Silly Question ... How To Keep Frosting From Warming While

Decorating By CakeItGood Updated 30 Jul 2005 , 12:35am by HollyPJ

CakeItGood Posted 24 Jul 2005 , 3:42pm
post #1 of 7

decorating? I am practicing for a 35th anniversary cake for my parents and just can't seem to keep the frosting from warming too much while I am using it (for practice, just using a 1 pound can of Wilton Decorating Frosting). Using a clear/thin disposable bag with coupler/tip. The icing gets too runny to use. I am sure it is a technique issue.

I "self-taught" a few very basic techniques (BC = Before Children), and have only done a few cakes. The cakes were BC, and I have not touched my decorating supplies in 5 years. Any words of wisdom are greatly appreciated. Thank you!

Jennifer icon_smile.gif

6 replies
pump_jc Posted 24 Jul 2005 , 3:48pm
post #2 of 7

What kind of decoratiosn are you trying to use that icing for?

It's too thin to do roses with straight from the can. And if you want, you can thicken it with confectioners sugar.

CakeItGood Posted 24 Jul 2005 , 4:01pm
post #3 of 7

Trying to steady my hand with doing borders/ruffles, leaves, drop flowers, dots, stars. Was going to attempt a rose but the icing was too thin (thanks for the tip on using powdered sugar).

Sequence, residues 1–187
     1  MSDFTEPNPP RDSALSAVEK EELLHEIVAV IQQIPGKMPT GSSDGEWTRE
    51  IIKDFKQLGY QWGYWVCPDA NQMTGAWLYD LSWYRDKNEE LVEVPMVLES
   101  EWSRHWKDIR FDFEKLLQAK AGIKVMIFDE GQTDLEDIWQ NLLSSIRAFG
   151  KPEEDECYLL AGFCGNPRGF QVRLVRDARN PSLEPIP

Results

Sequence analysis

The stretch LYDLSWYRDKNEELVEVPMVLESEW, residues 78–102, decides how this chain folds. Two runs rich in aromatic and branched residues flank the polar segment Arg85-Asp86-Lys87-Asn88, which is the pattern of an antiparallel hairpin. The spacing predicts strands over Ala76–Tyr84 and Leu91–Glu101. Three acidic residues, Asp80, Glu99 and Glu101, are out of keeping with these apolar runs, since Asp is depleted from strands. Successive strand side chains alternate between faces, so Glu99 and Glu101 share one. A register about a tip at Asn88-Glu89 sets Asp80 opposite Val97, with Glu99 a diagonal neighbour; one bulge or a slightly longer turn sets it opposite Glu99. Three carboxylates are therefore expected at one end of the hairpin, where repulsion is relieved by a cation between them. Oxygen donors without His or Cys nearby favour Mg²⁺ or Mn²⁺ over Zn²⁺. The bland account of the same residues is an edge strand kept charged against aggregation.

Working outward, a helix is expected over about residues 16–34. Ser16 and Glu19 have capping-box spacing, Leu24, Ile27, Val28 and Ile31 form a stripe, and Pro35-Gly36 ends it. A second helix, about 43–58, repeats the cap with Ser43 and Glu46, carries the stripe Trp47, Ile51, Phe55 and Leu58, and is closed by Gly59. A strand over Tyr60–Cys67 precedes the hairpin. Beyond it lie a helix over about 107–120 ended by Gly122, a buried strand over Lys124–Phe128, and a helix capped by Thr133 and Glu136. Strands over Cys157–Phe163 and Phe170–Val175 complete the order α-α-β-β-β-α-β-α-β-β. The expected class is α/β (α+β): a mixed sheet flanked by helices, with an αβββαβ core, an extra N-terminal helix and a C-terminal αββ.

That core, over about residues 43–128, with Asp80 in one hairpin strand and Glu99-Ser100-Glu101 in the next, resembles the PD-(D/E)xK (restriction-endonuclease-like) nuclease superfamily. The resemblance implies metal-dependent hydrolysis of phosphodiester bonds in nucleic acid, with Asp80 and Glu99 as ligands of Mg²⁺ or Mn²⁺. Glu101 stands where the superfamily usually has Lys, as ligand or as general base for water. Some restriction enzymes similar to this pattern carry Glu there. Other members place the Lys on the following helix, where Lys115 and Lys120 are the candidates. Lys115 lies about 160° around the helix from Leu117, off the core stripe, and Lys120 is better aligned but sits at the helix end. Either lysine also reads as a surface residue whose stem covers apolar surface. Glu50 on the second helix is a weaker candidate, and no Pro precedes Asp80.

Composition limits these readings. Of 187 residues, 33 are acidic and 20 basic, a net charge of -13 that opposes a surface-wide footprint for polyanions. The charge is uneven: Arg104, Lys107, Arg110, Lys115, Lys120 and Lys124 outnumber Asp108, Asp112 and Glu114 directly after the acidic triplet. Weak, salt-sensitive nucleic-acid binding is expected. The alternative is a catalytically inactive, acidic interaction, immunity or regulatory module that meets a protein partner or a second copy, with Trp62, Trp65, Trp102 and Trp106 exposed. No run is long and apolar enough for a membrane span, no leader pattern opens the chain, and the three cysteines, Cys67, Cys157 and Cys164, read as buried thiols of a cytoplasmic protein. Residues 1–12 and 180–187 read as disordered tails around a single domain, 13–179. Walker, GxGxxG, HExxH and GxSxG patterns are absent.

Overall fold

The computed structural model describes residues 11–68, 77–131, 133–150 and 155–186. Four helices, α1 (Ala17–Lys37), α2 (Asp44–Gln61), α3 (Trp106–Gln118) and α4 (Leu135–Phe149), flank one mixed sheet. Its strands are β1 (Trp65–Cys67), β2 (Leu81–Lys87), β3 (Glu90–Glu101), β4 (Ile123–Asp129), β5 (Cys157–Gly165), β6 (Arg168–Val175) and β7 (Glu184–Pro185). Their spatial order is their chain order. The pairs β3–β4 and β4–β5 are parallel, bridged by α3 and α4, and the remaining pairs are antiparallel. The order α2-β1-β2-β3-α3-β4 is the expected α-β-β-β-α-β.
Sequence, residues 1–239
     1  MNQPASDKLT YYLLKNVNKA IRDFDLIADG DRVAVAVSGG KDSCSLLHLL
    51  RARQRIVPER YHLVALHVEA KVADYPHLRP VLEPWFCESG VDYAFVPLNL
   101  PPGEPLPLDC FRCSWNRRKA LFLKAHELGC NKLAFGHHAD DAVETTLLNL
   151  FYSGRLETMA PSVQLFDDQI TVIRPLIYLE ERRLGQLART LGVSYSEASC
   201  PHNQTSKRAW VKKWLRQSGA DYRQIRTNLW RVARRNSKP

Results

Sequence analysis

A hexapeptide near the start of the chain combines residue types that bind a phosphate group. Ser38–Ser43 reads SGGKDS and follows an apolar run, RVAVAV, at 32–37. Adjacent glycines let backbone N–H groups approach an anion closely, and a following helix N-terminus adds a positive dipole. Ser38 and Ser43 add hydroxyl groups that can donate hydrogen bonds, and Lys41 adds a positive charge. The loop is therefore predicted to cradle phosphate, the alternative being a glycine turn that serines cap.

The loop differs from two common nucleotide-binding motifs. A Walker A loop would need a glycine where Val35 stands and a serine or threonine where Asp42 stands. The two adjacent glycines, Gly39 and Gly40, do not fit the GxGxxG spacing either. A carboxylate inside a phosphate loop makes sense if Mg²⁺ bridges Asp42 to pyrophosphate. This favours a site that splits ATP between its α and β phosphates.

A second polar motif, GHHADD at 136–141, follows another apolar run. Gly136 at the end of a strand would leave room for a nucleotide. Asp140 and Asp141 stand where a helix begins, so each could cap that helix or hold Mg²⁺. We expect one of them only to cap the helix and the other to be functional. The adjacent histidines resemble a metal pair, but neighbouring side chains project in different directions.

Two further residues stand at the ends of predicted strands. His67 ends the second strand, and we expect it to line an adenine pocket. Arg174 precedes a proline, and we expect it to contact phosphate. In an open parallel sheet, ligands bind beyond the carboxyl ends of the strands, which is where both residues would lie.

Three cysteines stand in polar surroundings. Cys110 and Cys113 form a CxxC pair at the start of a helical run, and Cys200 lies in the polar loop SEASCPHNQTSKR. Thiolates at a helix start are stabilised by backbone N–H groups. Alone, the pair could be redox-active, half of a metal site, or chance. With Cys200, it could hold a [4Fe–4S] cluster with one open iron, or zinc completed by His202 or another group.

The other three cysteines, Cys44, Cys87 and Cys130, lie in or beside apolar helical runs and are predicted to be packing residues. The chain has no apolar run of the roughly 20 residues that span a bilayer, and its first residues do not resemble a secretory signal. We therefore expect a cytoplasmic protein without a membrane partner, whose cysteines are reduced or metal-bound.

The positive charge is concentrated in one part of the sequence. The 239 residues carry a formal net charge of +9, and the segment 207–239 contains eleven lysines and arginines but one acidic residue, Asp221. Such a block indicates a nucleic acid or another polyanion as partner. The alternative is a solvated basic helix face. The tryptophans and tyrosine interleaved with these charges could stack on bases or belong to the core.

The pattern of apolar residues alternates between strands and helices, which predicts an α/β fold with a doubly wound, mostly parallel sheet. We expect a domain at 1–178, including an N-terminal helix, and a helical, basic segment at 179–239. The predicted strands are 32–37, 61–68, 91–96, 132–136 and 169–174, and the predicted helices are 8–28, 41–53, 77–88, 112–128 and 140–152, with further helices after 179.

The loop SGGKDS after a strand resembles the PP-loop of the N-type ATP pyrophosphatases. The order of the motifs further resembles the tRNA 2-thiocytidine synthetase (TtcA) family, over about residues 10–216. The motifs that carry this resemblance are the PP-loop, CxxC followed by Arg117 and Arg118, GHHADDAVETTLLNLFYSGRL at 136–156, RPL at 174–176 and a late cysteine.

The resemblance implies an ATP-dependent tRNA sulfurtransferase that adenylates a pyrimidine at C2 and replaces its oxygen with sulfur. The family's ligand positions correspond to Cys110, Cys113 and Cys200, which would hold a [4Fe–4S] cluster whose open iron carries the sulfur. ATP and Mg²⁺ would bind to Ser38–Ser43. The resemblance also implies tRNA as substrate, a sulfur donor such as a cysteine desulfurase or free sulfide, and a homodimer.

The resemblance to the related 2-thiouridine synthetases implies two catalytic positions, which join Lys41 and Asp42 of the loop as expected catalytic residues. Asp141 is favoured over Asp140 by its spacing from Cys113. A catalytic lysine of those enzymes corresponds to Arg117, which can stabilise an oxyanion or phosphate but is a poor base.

Does using a thicker/washable bag help at all with keeping the frosting thicker?

I was also having trouble with keeping my "dots" from having the little point at the top after you pull the tip away.

Thanks for your reply!

pump_jc Posted 24 Jul 2005 , 4:18pm
post #4 of 7

I don't think the thickness of the bag makes much of a difference.

As for the dots - when you're finished making the dot, stop squeezing the bag while the tip is still in the dot, then swirl the tip out of the dot (I hope that makes since). it should help keep from getting the point on the dot.

traci Posted 24 Jul 2005 , 4:35pm
post #5 of 7

Maybe you should try making your own icing to get the consistency you want. Sometimes on hot days...or if my hands are just hot...I put my icing in the icebox for a little bit before I pipe my borders. But I always make my own icing and do not have this problem. icon_smile.gif

BuncoHappens Posted 25 Jul 2005 , 2:01am
post #6 of 7

I use parchment paper doesn't seem to transfer the heat of your hands so fast. Or I will make 2 bags of icing and keep rotating them from the fridge.

HollyPJ Posted 30 Jul 2005 , 12:35am
post #7 of 7

My hands tend to melt my icing quickly too. I've found that using small amounts of icing at a time in the bag helps. I also keep a bowl of ice at the table with me to put the bags in when I'm not holding them.

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